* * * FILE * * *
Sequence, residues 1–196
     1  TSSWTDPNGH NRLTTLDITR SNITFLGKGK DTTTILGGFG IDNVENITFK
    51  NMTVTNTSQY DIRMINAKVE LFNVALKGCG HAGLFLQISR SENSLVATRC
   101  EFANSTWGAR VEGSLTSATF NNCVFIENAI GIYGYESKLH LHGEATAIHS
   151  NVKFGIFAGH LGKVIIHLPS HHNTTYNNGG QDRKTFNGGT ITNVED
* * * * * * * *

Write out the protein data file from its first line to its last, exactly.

Sequence, residues 1–196
     1  TSSWTDPNGH NRLTTLDITR SNITFLGKGK DTTTILGGFG IDNVENITFK
    51  NMTVTNTSQY DIRMINAKVE LFNVALKGCG HAGLFLQISR SENSLVATRC
   101  EFANSTWGAR VEGSLTSATF NNCVFIENAI GIYGYESKLH LHGEATAIHS
   151  NVKFGIFAGH LGKVIIHLPS HHNTTYNNGG QDRKTFNGGT ITNVED